Next door there is also a museum that houses artifacts and relics from the family and that time period, giving you a much more insightful look into the history of Sendai.
If you are planning on visiting the Miyagi Prefecture in the summer months then consider heading to Sendai to see the Sendai Tanabata Matsuri festival.
This festival is characterized by its brightly-colored decorations and is held on the 6th, 7th, and 8th of August every year.
The festival is also known as the “star festival”. The city becomes shrouded in thousands of beautifully colored streamers that line the shopping centers and busy streets.
The streamers are anywhere from 7 to 15 feet long, making them a spectacle to see.
The purpose of these decorations is to ward off the bad and bring in the good. Like a lot of other Japanese holiday decorations that have auspicious meanings and there are also a number of other, more specific decorations such as purses for good business, cranes for long life, and kimonos for good health.
Visit the Naruko gorge
If you want to head outside of the city then Miyagi Prefecture has some of the best nature spots in all of Japan.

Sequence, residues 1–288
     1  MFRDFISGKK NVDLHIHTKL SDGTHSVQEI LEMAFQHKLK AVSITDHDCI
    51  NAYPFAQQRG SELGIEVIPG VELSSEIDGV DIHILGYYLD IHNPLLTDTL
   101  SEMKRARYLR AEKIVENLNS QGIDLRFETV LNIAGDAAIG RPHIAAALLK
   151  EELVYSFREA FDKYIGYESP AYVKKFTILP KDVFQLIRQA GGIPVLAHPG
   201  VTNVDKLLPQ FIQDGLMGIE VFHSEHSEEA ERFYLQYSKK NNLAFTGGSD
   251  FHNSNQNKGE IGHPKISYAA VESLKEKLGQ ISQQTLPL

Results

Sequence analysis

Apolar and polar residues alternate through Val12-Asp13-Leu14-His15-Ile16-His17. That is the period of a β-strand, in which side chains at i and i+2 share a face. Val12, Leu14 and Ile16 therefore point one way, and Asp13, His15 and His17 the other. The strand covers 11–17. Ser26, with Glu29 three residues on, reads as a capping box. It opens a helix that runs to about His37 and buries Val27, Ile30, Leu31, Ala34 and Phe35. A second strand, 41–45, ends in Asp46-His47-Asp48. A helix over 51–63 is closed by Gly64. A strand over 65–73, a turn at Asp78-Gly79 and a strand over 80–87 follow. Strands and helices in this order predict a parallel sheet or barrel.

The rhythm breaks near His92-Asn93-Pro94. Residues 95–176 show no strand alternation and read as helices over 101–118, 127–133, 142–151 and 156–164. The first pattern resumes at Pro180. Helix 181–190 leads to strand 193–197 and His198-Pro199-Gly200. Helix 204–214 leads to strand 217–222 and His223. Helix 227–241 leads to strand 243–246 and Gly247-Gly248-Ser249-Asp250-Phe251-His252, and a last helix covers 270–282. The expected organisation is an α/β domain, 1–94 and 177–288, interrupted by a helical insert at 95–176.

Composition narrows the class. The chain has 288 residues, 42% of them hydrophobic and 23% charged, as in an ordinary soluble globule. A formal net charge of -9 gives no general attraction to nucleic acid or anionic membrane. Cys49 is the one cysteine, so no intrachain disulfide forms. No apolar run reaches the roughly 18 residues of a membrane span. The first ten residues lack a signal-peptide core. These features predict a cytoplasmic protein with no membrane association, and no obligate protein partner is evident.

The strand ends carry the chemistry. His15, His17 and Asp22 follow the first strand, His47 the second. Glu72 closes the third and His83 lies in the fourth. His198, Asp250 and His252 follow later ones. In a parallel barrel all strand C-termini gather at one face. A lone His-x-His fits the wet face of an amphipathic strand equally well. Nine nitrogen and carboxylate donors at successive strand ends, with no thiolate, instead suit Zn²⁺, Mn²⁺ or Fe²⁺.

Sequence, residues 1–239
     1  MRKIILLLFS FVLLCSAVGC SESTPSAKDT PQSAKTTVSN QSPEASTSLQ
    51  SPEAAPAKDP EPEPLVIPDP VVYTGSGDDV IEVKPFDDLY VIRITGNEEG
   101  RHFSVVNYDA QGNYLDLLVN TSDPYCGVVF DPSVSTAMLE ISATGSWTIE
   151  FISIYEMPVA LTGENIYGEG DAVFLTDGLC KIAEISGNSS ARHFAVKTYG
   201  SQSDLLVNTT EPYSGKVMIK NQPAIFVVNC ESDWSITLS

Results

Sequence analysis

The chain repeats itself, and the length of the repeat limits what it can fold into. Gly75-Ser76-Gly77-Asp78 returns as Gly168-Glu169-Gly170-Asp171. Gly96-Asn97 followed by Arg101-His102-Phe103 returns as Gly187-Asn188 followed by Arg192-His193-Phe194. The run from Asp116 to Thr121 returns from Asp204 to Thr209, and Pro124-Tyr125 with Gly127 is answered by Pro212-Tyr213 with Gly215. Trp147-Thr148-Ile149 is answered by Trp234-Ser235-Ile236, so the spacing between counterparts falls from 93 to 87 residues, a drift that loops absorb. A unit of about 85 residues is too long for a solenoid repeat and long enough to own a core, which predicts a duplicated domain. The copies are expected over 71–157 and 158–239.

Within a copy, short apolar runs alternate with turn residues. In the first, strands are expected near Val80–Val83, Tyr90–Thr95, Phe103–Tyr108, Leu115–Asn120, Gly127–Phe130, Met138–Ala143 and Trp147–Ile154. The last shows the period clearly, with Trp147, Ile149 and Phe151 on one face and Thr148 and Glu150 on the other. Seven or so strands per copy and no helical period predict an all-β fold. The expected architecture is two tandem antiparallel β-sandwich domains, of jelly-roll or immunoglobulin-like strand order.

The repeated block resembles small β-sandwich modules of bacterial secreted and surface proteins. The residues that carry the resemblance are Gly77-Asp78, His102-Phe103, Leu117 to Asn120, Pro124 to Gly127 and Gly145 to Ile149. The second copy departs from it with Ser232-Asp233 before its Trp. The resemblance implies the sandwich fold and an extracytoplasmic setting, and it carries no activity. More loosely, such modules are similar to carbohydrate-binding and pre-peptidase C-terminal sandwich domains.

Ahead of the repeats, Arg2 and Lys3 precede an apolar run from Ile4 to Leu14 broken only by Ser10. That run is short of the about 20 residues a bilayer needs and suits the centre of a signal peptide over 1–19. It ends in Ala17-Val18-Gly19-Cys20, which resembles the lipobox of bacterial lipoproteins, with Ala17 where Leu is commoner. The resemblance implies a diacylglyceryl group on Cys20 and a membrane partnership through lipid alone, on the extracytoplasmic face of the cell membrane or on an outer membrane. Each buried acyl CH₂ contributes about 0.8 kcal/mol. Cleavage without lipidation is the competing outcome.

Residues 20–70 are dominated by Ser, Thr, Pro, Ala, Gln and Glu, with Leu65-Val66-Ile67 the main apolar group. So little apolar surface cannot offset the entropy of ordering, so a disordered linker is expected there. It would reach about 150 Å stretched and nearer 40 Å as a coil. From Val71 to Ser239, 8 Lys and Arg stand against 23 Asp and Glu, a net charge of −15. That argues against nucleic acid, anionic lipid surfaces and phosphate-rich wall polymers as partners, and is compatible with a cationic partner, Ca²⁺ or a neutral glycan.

The astounding Naruko gorge is certainly one of them, especially in the fall when you can see the place shine in all its beauty thanks to the fall colors spread out across the mountains and valleys.
Naruko Gorge Location Via Google Maps
Found in the northwest of the prefecture, this gorge is flooded by locals and tourists alike in the fall with everyone wishing to catch a glimpse of the spectacular colors.
The gorge runs for approximately 2km and has a main path that you can take along the center. There is a resthouse in the center of the gorge that offers some of the best views possible.
If you are traveling to the Naruko gorge (it is roughly 70km outside of Sendai) then there are several free and paid-for car parks along the main walking path.
Unfortunately, the 2011 earthquake forced the majority of the ravine’s walkway to be closed, and now only short sections of the path remain open to the public.
However, these are open to the public between 9 a.m. and 4 p.m. Please note that if the weather is very bad then the path will also be closed for safety reasons.
Visit Sanriku coast
Another nature recommendation is a visit to the Sanriku coast, a very dramatic shore that is dotted with jagged rocks. This isn’t your average coastline by any means.
Stretching out ver 300m, this coastline spans three different prefectures and is a national park and popular tourist spot thanks to its natural beauty and striking features.
Matsushima bay is a Japanese group of islands located in Miyagi Prefecture. There are 260 small islands covered in pine trees (matsu), thus the name, and it is considered one of Japan’s three most scenic views to see while in Japan.
Matsushima Bay Location Via Google Maps
Please bear in mind that this area was particularly affected by the tsunami and it is still undergoing the reconstruction process. Many smaller towns and settlements were completely destroyed in this disaster.
However, tourism is helping the locals to rebuild their homes and towns. So, a trip to the Sanriku coast is a win-win situation.